A GP practice that revealed confidential details about a woman and her family to her estranged ex-partner has been fined £40,000. The practice gave out the information despite express warnings from the woman that staff should take particular care to protect her details.
The information was provided in response to a Subject Access Request the ex-partner made for the medical records of the former couple’s son.
Staff at the practice responded with 62 pages of information that included the woman’s contact details as well as those of her parents and an older child the man was not related to.
The ICO’s investigation found staff did not receive adequate guidance or supervision about what could be disclosed or should be withheld.
An investigation found staff did not receive adequate guidance or supervision about what could be disclosed or should be withheld and that the practice had insufficient systems in place to guard against releasing unauthorised personal data to people who were not entitled to see it.
The ICO said: “In failing to ensure staff were properly equipped to safeguard against unauthorised disclosures, this medical practice placed a member of its team in the firing line. It was unfair to expect this person to deal with the potentially devastating fall-out created by sharing personal data wrongly. GPs could have protected staff by providing proper support, training and guidance. They did not do this.”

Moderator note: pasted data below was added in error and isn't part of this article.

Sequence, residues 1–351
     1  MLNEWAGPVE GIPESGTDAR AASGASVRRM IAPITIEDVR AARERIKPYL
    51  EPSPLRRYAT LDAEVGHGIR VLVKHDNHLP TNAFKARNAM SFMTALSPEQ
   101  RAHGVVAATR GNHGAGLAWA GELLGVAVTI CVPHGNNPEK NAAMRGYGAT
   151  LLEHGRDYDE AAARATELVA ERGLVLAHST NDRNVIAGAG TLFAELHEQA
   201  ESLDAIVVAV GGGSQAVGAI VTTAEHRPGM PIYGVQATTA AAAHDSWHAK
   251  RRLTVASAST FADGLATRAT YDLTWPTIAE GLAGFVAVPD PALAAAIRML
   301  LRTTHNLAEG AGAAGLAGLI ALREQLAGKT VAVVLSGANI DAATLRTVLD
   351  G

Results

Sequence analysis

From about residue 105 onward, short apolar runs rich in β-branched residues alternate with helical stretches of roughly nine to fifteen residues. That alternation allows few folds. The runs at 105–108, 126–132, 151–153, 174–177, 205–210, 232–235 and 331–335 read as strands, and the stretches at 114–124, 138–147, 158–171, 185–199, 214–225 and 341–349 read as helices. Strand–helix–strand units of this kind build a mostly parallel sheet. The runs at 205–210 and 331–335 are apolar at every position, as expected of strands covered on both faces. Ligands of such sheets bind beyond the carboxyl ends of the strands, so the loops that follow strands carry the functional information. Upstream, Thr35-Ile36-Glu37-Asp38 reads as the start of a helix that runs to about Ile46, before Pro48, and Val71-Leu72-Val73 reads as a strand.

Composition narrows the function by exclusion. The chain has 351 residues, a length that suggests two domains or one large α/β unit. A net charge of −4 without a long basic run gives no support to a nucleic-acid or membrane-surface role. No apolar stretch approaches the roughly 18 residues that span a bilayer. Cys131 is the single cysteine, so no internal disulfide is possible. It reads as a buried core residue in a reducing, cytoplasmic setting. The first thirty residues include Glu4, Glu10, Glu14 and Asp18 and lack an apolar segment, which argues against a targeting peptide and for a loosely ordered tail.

NB: The ICO has said it issued a fine of ‘only’ £40,000 because the practice’s partners would be individually liable and that most organisations would expect to receive a much larger fine.
Do your staff receive adequate guidance and supervision about what can be disclosed in response to a Subject Access Request? Do you have sufficient systems in place to guard against releasing unauthorised personal data to people who are not entitled to see it?
We can put in place procedures and systems and train staff to prevent something similar happening at your organisation.
This article is intended for informational purposes only, so please don’t rely on it as legal advice!
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